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Preceed vs. Precede: Mastering the Correct Spelling

Edited by Aimie Carlson || By Janet White || Updated on March 11, 2024
Preceed is an incorrect spelling. The correct spelling is Precede, meaning to come before something in time, place, or order.

Which is correct: Preceed or Precede

How to spell Precede?

Preceed is Incorrect

Precede is Correct


Key Differences

Visualize a race where one person precedes the other, and there's only one 'e' in the lead.
Remember that "precede" is spelled like "proceed" but with an 'r' replacing the 'o'.
Use mnemonic: "A procedure to proceed is to precede with care."
Reinforce by writing "precede" multiple times.
Think of the prefix "pre-" meaning "before" – it should be spelled as in "preview" or "premature".

Correct usage of Precede

The title page should preceed the abstract in the report.
The title page should precede the abstract in the report.
The introduction will preceed the main speech.
The introduction will precede the main speech.
A brief meeting will preceed the conference.
A brief meeting will precede the conference.

Precede Definitions

To come before something in time.
Dinner always precedes dessert.
To surpass or lead.
His reputation precedes him.
To be in front of or prior in order.
The introduction precedes the main text.
To introduce or preface.
A brief speech preceded the ceremony.
To go or come ahead of in sequence.
Winter precedes spring.
To come, exist, or occur before in time
A lecture preceded the movie.
To be in front of or prior to in order
A precedes B in the alphabet.
To go in advance of
A marching band preceded the float.
To preface; introduce
Preceded her lecture with a funny anecdote.
To be before in time, order, or position.
(transitive) To go before, go in front of.
Cultural genocide precedes physical genocide.
(transitive) To cause to be preceded; to preface; to introduce.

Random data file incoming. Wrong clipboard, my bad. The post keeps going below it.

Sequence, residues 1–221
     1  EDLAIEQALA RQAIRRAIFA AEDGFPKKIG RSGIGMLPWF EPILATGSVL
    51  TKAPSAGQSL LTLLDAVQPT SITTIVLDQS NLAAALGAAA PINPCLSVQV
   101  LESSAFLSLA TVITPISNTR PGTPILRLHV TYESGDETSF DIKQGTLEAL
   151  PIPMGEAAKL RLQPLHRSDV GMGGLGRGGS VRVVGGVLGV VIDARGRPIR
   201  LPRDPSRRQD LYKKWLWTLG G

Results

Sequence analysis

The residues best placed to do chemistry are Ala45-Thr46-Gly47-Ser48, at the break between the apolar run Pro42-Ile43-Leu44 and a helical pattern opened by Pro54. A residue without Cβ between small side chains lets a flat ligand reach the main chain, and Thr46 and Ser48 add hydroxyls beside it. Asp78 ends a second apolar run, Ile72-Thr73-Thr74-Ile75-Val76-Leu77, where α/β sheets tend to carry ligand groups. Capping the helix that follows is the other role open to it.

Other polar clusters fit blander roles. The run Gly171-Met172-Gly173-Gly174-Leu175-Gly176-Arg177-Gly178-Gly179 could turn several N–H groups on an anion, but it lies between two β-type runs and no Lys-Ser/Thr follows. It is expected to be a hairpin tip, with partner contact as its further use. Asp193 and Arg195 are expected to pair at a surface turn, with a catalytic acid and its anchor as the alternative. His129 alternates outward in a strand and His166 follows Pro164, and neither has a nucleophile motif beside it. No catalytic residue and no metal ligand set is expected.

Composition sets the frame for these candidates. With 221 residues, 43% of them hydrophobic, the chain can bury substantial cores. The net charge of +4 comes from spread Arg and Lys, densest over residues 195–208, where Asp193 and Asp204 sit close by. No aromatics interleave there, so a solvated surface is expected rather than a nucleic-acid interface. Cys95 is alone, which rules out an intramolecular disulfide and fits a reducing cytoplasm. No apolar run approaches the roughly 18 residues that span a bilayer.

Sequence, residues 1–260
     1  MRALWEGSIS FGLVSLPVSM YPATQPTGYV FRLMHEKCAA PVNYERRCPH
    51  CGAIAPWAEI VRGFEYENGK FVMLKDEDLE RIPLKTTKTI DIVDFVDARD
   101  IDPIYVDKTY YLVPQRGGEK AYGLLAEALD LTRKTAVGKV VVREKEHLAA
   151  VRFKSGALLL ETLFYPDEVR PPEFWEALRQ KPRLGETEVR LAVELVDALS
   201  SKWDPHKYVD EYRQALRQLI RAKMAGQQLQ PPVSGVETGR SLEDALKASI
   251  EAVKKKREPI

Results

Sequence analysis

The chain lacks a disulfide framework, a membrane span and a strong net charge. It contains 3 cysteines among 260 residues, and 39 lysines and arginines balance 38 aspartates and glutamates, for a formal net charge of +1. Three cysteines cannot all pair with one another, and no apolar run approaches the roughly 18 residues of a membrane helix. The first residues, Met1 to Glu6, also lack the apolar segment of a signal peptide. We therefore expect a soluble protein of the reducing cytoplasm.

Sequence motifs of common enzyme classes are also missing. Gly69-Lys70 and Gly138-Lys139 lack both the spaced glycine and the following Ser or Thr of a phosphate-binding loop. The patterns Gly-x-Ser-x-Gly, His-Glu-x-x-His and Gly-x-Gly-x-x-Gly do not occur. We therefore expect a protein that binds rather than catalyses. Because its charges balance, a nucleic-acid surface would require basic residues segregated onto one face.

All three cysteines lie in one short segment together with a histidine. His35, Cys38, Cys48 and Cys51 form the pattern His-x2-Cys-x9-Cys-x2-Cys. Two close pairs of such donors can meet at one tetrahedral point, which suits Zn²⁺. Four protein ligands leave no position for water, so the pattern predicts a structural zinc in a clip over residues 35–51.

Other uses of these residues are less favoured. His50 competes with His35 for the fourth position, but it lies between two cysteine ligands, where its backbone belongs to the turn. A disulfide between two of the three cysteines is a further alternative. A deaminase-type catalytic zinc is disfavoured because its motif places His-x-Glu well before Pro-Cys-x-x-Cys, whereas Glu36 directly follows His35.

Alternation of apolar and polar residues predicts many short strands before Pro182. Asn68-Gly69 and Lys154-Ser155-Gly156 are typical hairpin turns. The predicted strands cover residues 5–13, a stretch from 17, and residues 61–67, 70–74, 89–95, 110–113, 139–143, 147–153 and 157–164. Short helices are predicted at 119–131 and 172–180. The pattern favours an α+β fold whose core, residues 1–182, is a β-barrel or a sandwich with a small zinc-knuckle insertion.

(transitive) To have higher rank than (someone or something else).
Brief editorial preface (usually to an article or essay)
To go before in order of time; to occur first with relation to anything.
To go before in place, rank, or importance.
To cause to be preceded; to preface; to introduce; - used with by or with before the instrumental object.
It is usual to precede hostilities by a public declaration.
Be earlier in time; go back further;
Stone tools precede bronze tools
Come before;
Most English adjectives precede the noun they modify
Be the predecessor of;
Bill preceded John in the long line of Susan's husbands
Move ahead (of others) in time or space
Furnish with a preface or introduction;
She always precedes her lectures with a joke
He prefaced his lecture with a critical remark about the institution

Precede Sentences

Traditionally, the bridesmaids precede the bride down the aisle.
Dark clouds often precede a thunderstorm.
A warm-up routine should precede any intense physical activity.
Notifications about software updates precede the actual update process.
Historical events often precede major societal changes.
Warnings about side effects precede the use of many medications.

Precede Idioms & Phrases

Precede by reputation

When someone's reputation is known before they are personally known.
He preceded by reputation, so his arrival was much anticipated.

Precede in age

To be older than someone else.
She precedes her sister in age by two years.

Precede by example

To set an example for others to follow, especially in leadership positions.